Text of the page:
From the Bookshelves of May 2014

06.1.14 / may books
Can we just take a moment to appreciate the fact that all of the books I read in May were by women? And it was completely unplanned, but it makes me pretty happy, especially considering I liked each book I read. It also looks like I’m about on track for my goal for the year, so overall this month is turning out to be a pretty good roundup. I think overall I’d recommend every book I read this month. They each had something to offer and were just intriguing.

The Impossible Knife of Memory by Laurie Halse Anderson

I saw this pop up a lot on tumblr after it came out, but I didn’t have a huge idea of what it was actually about, so when I saw it at the library I gave it a look, and while I wasn’t falling all over myself over it, I was interested enough to give it a shot (especially for free). Previous experience told me Anderson was pretty reliable for quality, and The Impossible Knife of Memory lived up to expectations. It’s a heavy book (much like the majority of what I read for the month), but I thought it was handled wonderfully, though I can’t speak from experience.

If I Stay by Gayle Forman

I will completely admit that I read this because the movie is coming out soon. Before I saw the trailer for the film, I knew very little about the plot, but after, I was more than a little intrigued. I was also surprised to find the book was much shorter than I was expecting when I picked it out, but I think I find that a little more impressive than making it a four-hundred-page novel. It stuck to the point, which I think helped make the novel stronger. My only complaint was that it made me even more terrified of driving, but I guess I’m willing to take that in exchange for such a wonderful piece of work.

Pink Smog by Francesca Lia Block

Picked up on a whim at the library because I had actually planned on getting a copy to go with Dangerous AngelsPink Smog was a nice break between the heavier books of the month. Not that it was without its own serious moments, but the Weetzie Bat novels tend to be more fanciful (on the surface). It was a good emotional break from death and alcoholism and abuse and a lot of the hard topics in other books I read through May.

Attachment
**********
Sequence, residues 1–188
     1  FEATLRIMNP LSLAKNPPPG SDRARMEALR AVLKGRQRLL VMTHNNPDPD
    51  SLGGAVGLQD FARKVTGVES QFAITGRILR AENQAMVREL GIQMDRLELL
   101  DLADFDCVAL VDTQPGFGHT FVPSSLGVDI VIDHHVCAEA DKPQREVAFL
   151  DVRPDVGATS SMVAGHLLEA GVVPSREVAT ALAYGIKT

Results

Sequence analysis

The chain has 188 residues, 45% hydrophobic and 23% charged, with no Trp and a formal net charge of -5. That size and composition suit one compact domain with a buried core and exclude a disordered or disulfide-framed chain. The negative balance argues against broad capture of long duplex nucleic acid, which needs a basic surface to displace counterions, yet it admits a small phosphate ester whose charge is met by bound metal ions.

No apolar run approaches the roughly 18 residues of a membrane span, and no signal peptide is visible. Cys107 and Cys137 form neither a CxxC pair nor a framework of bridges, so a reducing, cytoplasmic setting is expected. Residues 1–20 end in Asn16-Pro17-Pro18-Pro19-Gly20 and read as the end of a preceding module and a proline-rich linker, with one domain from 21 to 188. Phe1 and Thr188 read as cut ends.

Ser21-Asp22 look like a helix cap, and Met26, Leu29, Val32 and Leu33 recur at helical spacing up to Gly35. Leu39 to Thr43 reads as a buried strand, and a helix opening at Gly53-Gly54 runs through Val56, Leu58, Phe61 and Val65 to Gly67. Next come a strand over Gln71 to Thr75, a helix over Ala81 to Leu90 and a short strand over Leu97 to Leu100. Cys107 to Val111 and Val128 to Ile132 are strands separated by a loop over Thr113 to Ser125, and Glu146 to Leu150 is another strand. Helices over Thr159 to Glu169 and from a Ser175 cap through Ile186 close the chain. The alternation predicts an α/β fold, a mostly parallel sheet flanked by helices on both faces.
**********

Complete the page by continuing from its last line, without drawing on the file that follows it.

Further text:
Love Letters to the Dead by Ava Dellaira

Love Letters to the Dead was an absolutely beautiful book. It caught my eye at the bookstore with its beautiful dark blue cover, and after I read the synopsis, I was hooked. Love letters to famous old people like Kurt Cobain, Judy Garland, Amy Winehouse, and so many others? Count me in. But underneath the clever classic pop culture references was a somewhat dark-but-touching story. There were rough parts, and I had to skim paragraphs at one point because it was just really tough to read, but it was wonderful nonetheless.

Dorothy Must Die by Danielle Paige

This one was tough to get into when I started it, not because there was anything wrong with it, but because each time Dorothy was described, I couldn’t wrap my head around the idea of adorable Judy Garland turning into something as vile as the Dorothy in the book. It definitely grew on me as I went, though, and I kind of can’t wait for the next book (because, spoiler, it’s going to be a series). I think this is such a creative twist on the story, exactly for the reason why it was strange to me at first: no one would expect Dorothy to become the villain. She’s so innocent, naive. I definitely wouldn’t consider it “Oz canon,” because I like my Dorothy to be a gentle farm girl, but it’s still an awesome twist on the original.


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